Today marks the twenty-year anniversary of when I lost my first baby.
I was, at the time, happily married and we were excited to start our family. My pregnancy was planned, wanted, and blissful. I was six months along. I was showing, and the baby was kicking vigorously. We had just moved into a wonderful house only a few blocks from my parents. Everything was absolutely golden.
It took me a little while to find an OB-GYN in the area, so I was about a month late for my baseline ultrasound. We were very excited to get a clear view of our baby and find out the sex.
The tech performed the ultrasound and was very quiet while my husband and I chatted excitedly. She told us it was a boy and then rushed out of the room to get the doctor.
At first, nothing seemed out of the ordinary. We discussed painting the nursery blue and confirmed our choice of name. But then I turned to my husband and said, “Did she seem weird to you?” It suddenly struck me that she was kind of abrupt.
The next thing I knew, the radiologist was there delivering news that sucked all the air out of the room. Our baby was not viable. He had severe brain defects: Dandy-Walker malformation, an absent cerebellum, and extreme hydrocephalus.
I wailed. My husband stared blankly in shock. And then came the next news. We had to do something. We had to end our baby’s life…and do it that day.
Because of the laws governing “late term abortion,” I was right at the deadline for a procedure called a Dilation and Extraction. If I was past the deadline, I would have to be induced, labor, and deliver a dead baby. The doctor fudged my gestation by a week, just to be on the safe side.
I called my mom to tell her. I will never forget the sound of her scream. I went straight to her house and my parents, my husband and I all piled into the car.
I remember being shocked by what a lovely sunny day it was. How could the sky be so blue when this was happening?
I went to a clinic to begin the dilation process. And they euthanized my child in my womb. I won’t get into details, but it was so painful, I threw up from the pain and couldn’t get out of bed for hours afterwards. At the hospital a day later, I was put under and they took my baby.
Sometimes, you have to make a decision without a choice. It didn’t seem right to me to continue with the pregnancy knowing my baby could die at any time. The doctors were shocked he had made it so far. I didn’t feel right about bringing a baby into this world to suffer and die. I was also mindful that I needed to preserve my own physical and mental health because I wanted to be a mother. In fact, eight weeks later, I was pregnant with my older son. He will be nineteen on December 19th.
The grief was horrible. The shock amplified it. The happiest time of my life was turned into the saddest.
My family and friends rallied around me. My next-door neighbor, who is a yoga teacher, told me to “just come” to class. I did. Every day.
I covered all the mirrors in my house because I couldn’t stand the sight of my body. I looked postpartum. My breasts were ready to nurse. But no baby.
I made recovering from grief my full-time job.
I painted an oil painting every day. I spent time in my rose garden. I prayed. I cried. I worked my way through the grief as expediently as I could so I could continue on my journey to motherhood. And I did.
On the one-year anniversary of losing my first baby, I was just about full term with my older son. I was terrified I would lose him too. My pregnancy was fraught with anxiety, and it culminated at the end. But of course, the joy of delivering my son insulated me from the grief. It wasn’t until the second anniversary that I was finally able to process what had happened.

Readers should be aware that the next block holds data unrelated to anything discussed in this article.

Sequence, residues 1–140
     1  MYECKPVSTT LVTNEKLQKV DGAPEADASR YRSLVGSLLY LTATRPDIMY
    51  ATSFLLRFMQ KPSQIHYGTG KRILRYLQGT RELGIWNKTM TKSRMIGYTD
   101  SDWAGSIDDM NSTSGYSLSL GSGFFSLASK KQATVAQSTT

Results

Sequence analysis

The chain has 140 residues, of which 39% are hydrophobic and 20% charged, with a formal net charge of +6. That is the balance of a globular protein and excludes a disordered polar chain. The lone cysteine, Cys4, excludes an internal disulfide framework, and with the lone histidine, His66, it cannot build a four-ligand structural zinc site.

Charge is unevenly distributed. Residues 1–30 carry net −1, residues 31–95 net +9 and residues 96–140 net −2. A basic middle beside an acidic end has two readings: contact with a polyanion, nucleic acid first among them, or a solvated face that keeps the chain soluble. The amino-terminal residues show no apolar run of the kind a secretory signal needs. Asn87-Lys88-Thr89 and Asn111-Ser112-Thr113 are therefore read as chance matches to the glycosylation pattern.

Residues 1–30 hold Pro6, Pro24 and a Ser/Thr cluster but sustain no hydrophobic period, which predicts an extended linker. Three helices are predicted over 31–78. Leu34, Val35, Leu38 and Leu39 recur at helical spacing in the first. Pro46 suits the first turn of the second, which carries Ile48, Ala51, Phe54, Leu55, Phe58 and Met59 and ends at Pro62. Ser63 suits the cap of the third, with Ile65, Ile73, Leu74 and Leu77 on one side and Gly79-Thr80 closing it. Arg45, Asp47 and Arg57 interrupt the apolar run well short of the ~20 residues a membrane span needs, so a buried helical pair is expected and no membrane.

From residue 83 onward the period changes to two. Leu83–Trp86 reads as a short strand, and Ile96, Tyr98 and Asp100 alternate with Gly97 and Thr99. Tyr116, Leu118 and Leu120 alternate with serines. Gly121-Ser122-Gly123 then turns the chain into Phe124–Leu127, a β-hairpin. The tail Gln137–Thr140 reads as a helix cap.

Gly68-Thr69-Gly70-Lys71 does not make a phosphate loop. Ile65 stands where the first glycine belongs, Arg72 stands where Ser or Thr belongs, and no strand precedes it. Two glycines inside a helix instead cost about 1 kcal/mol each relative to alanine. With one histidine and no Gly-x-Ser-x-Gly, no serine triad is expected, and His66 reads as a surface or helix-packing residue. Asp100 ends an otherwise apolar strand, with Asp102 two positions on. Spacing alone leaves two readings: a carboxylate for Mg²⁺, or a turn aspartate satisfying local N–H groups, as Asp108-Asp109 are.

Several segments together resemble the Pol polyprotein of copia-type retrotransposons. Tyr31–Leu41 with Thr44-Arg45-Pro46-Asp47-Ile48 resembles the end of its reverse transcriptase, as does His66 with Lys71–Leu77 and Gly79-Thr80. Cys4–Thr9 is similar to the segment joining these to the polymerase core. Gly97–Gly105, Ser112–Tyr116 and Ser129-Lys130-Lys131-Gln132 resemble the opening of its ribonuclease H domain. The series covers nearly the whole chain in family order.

Grief finds a way. There is no around, only through. Fighting it only makes it hurt more.
I can remember feeling like shards of glass would come flying at me, and I needed to just let them pass through. There were times when I felt absolutely fine, and then the grief would overcome me. I called them cloudbursts. These were lessons I took into other experiences. I always say grief brings strange and beautiful gifts.
I was with my grandfather as he died. I was one of my grandmother’s caregivers as she moved toward death. I was at my father’s bedside the moment he passed. Grief is different, but also the same every time you go through it. It will not be denied.
I remember telling a family friend that as I healed from losing my baby, I could feel it becoming a part of me. I knew it would always be there, like a vein running through me.
On this day, two children and two decades later, I honor my experience. I bless it for the lessons it taught me—not only about grief but about life in general.
I had very black-and-white thoughts about abortion. I was raised Catholic. I was pro-choice for other people while “knowing” there were no circumstances under which I would have one. I was certain.
And then something literally unimaginable happened. I learned that a huge portion of life is grey.
I learned that ambivalence is common.
I learned that you don’t really know what you will do until you are faced with a situation. It’s not a question of knowing your own mind or having faith or holding certain values. It’s a question of the circumstance. It’s a matter of not having all the information until you are faced with it directly, in the moment. This has served me well.
I have come to understand I will feel discomfiture, and it’s alright. I realize I will not always know what to do. I now know that sometimes I will do what I believe is “right” and I may never, ever be okay with it. Ever.
And I also realize that judging someone else’s circumstances is nonsense. We all have struggles, and we all do the best we can. None of us can ever understand someone else’s challenge because it’s for them. The best we can do is be kind, supportive, and respectful.
These are the lessons my lost baby taught me.